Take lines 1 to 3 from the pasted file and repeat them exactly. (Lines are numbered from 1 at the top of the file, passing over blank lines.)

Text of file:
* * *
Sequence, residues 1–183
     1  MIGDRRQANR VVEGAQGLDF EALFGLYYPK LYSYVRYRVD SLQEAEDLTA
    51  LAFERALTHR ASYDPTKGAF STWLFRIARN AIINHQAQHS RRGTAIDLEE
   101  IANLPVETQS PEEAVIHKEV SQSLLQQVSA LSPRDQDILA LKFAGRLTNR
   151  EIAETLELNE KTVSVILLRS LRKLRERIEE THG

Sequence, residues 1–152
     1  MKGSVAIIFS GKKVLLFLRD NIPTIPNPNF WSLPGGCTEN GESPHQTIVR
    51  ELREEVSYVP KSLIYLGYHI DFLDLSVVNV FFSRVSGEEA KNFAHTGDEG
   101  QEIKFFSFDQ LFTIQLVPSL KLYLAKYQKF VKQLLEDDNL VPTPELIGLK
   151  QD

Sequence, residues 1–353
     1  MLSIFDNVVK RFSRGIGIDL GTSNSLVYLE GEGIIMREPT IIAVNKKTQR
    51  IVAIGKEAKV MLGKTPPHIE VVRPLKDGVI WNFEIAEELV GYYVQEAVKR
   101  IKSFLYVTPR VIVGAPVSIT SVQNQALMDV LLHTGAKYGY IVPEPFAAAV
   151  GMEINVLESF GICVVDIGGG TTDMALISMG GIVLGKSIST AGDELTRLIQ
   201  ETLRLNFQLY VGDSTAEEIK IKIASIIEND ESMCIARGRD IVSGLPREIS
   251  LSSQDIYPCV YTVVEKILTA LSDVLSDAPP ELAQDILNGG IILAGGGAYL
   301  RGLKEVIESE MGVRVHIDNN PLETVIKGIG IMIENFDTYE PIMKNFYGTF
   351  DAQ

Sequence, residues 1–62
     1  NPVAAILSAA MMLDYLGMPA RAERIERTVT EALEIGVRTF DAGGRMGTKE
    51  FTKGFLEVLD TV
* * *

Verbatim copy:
Sequence, residues 1–183
     1  MIGDRRQANR VVEGAQGLDF EALFGLYYPK LYSYVRYRVD SLQEAEDLTA
    51  LAFERALTHR ASYDPTKGAF STWLFRIARN AIINHQAQHS RRGTAIDLEE